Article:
Rule 1.5(f)(1)Kansas Rules of Professional Conduct
The Meaning, Effect, and Consistency in Kansas, and Among the Different States
Table of Contents
Rule 1.5(f)(1) in KansasOther States’ RulesOKMINJNYFLMOMiami County, Kansas Case, 2012Hypothetical Kansas CaseEngagement letterHow attorney set his feeAttorneys supporting this feeOther opinions, other statesConclusion
Kansas’ Rule 1.5(f)(1)
(f) A lawyer shall not enter into an arrangement for, charge, or collect:(1) Any fee in a domestic relations matter, the payment or amount of which is contingent upon the securing of a divorce or upon the amount of alimony, support, or property settlement
Oklahoma’s Rule 1.5(d)(1)
Same Language as Kansas’ 1.5(f)(1)State of Oklahoma ex. rel. Oklahoma Bar Association v. Fagin, 848 P.2d 11 (1992).Agreement between attorney and client:“Your final fee shall be based on the results accomplished in your case, the degree of difficulty your case presents, the amount in controversy, and my hourly rate of $175.00, all of which are criteria used by the Oklahoma Courts in determining appropriate attorney fees in family law cases. It is impossible to tell in advance the amount of time or total cost your case will require.”Court’s Opinion—Fee Agreement Violates Rule 1.5(d)(1)“Any fee arrangement in which the attorney will receive an enhanced fee if his efforts produce a more favorable property division or alimony award to his client involves personal interest because the greater amount he obtains for his client, the greater he can charge as his fee.”“[A]nytype of fee which has some aspect of a contingency involved is impermissible. Because respondent’s fee is based on an hourly rate, subject to enhancement if the results of her case are favorable, it is one the ‘amount of which is contingent upon the results obtained . . . .’”
New Jersey’s Rule 1.5(d)(1)
Same Language as Kansas Rule, except “in lieu thereof.”Salerno v. Salerno, N.J. Super. 536, 538-540, 575 A.2d 532 (1990).Agreement Between Attorney and Client:Attorney’s final bill will be based on not only the hourly rate, but “(b) the result accomplished; (c) the amount in controversy; and (d) our experience and ability . . .”Court’s Opinion:The contingent fee was permitted for an “equitable distribution,” but found defective for various reasons related to the rule requirements for a contingent fee contract.“The premium sought by plaintiff’s counsel is not a permissible charge to either plaintiff or defendant under the facts of this case.”“It is also deficient in that counsel failed to state the exact formula to be applied to the ‘amount in controversy’ and the ‘result accomplished’ in the fee agreement. The lack of an exact percentage creates a guessing game for the client. The court rule and rules of professional conduct were intended to prevent uncertainty about fees and the surprise bill at the end of litigation, which historically led to many fee disagreements.”
New York’s Rule 1.5(d)(5)(i)
(d) “A lawyer shall not enter into an arrangement for, charge, or collect:…(5) any fee in a domestic relations matter if:(i) the payment or amount of the fee is contingent upon the securing of a divorce or of obtaining child custody or visitation or is in any way determined by reference to the amount of maintenance, support, equitable distribution, or property settlement;. . .”ShereskyAronson &Mayefsky, LLP v. Whitmore, 851 N.Y.S.2d 61 (2007).Agreement Between Attorney and Client:Premium Fee Clause: “We reserve the right to discuss with you at the conclusion of the matter your payment of a reasonable additional fee to us, in excess of the actual time and disbursements, for exceptional results achieved, time expended, responsiveness accorded, or complexity involved in your case. However no such fee will be charged to you without your consent.”Court’s Opinion:“The ‘additional fee based on exceptional results’ could be viewed as a contingent fee, which is clearly prohibited by DR 2-106(C)(2).”DR 2-106(C)(2) is the related provision in the ABA’s Model Code of Professional ResponsibilityThis case was actually decided on the failure to include mandatory language in the fee agreement, not because it was a contingent fee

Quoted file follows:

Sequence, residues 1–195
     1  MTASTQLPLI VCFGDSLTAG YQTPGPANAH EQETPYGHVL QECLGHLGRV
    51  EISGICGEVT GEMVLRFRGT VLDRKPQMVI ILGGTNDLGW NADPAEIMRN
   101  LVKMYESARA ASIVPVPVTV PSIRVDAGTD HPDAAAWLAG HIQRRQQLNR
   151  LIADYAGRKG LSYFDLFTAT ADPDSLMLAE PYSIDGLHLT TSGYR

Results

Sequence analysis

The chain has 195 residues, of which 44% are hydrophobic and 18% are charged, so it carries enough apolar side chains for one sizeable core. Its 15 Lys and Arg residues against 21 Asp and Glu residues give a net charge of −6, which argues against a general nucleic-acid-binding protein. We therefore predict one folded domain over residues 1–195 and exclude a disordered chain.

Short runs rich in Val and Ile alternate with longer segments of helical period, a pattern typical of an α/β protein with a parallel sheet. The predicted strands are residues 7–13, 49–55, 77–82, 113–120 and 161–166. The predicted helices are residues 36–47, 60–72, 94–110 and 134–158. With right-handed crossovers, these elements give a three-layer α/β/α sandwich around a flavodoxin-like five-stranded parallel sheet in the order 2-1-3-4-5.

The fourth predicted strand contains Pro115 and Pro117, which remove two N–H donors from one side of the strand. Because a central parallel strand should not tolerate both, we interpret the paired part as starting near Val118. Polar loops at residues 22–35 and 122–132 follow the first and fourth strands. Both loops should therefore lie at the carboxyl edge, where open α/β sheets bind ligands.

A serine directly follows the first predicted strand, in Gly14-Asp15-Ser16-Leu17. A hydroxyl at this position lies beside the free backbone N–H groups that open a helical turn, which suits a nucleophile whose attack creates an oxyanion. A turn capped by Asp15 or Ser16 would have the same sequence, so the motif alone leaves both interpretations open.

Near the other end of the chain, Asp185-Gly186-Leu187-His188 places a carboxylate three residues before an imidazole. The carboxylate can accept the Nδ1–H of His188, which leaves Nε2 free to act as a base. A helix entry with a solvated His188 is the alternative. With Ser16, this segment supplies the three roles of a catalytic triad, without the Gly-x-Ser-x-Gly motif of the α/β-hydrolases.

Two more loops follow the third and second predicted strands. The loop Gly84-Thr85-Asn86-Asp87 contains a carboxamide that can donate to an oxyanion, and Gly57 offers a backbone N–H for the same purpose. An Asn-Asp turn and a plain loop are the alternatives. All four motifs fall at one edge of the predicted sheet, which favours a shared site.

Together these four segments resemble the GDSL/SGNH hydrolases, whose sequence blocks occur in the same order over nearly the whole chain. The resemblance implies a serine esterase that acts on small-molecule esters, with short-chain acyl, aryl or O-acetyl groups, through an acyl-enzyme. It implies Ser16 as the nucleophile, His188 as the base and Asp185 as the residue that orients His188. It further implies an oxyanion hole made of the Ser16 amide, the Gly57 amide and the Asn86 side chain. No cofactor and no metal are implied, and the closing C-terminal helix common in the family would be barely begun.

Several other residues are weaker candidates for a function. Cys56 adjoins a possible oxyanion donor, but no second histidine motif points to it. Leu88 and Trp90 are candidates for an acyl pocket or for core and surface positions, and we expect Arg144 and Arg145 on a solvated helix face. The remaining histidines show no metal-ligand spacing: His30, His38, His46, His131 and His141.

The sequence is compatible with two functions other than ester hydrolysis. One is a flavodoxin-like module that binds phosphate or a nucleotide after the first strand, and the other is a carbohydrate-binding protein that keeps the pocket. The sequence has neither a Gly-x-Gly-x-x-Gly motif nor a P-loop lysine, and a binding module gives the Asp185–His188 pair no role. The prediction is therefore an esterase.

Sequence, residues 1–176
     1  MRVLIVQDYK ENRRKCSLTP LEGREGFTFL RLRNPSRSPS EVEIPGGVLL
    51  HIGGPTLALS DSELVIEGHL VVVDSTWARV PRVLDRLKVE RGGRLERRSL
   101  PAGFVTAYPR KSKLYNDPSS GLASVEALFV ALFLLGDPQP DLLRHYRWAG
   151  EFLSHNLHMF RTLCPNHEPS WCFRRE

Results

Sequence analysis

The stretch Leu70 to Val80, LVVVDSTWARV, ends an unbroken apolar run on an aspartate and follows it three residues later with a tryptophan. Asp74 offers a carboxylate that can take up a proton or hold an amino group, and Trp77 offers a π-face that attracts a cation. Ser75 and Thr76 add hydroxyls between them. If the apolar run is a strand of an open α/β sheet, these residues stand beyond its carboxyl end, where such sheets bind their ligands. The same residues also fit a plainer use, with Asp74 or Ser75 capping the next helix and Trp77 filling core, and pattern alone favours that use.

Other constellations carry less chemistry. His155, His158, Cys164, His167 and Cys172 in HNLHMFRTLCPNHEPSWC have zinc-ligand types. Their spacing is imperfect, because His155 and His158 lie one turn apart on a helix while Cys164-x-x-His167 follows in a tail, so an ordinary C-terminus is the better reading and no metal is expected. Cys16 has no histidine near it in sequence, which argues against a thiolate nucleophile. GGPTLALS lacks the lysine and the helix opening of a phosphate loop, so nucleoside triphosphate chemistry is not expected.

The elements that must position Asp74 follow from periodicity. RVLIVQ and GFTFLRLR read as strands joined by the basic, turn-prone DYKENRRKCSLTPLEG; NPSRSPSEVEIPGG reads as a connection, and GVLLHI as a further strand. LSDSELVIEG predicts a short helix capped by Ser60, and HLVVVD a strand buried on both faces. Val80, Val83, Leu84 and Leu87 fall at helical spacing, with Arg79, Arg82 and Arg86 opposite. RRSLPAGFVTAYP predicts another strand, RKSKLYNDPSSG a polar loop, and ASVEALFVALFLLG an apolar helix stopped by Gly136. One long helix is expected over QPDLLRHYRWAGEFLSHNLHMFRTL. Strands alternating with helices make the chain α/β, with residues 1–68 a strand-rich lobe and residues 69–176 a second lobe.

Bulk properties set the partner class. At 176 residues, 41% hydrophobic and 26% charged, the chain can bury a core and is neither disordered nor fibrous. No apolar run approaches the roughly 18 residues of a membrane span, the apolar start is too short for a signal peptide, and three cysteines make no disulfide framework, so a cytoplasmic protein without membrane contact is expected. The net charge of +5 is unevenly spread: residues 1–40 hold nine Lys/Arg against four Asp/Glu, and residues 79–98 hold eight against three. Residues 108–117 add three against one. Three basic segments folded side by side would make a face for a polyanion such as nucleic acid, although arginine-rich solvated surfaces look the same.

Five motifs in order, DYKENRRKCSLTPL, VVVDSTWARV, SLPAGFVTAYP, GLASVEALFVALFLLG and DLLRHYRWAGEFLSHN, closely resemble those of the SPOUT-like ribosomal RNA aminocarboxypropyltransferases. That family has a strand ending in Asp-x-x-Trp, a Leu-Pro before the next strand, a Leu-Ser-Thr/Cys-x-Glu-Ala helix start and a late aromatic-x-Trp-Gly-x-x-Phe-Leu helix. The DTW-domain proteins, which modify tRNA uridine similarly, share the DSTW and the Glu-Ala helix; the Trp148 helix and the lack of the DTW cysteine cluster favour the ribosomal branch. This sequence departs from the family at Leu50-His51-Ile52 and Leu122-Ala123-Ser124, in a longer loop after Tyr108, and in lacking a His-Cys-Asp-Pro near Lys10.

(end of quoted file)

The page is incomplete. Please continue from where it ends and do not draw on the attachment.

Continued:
Florida’s Rule 4-1.5(f)(3)
Rule has same language as Kansas Rule 1.5(f)(1)King v. Young, Berkman, Berman & Karpf, P.A., 709 So. 2d 572 (1998).Agreement between Attorney and Client:“In the event this matter is settled, or the matter is concluded by the entry of a Final Judgment of Dissolution of Marriage (at the trial level), an additional and final fee will be determined as due us from you, taking into consideration theresults achievedand the complexity of the matter. This‘bonus’ feeshall be fair and reasonable.”Firm had been paid by client $343,000 during the caseFirm sought a bonus of $750,000, when the case had concludedAfter 3 day trial, the trial court awarded the attorneys a $525,000 bonus under above clause and the client appealed.Appellate Court’s Opinion:That the fee arrangement was an impermissible contingent fee based on results and held it was unenforceable.“The fee agreement between the firm and King expressly made a portion of the fee to be charged by the firm contingent upon the results obtained. Thus, the provision is void and unenforceable.”The attorneys, however, were permitted to keep the $343,000 they had already billed and collected.
Missouri’s Rule 4-1.5(d)(1)
Similar language as the Kansas Rule: Because of the human relationships involved and the unique character of the proceedings, contingent fee arrangements in domestic relations cases are rarely justified. Rule 4, Canon 2, EC 2-20.Shanks v. Kilgore, 589 S.W.2d 318, 319-21 (Mo. App. 1979).Agreement Between Attorney and ClientAttorney was to be paid 20% of each installment of the settlement—around $60,000 on a $300,000 settlementAgreement made a day prior to settlementTrial court found no contingent fee existedAppellate Court’s Opinion“The timing of the fee arrangement was unusual and the fact that the basis for its computation was considered established, eliminated the element of uncertainty in the amount to be exacted, but liability for the fee remained contingent and had not become fixed.”“The arrangement violated the prohibition against a contingent fee contract in a case such as this . . . .”No analysis of time spent on case by claimant, lawyer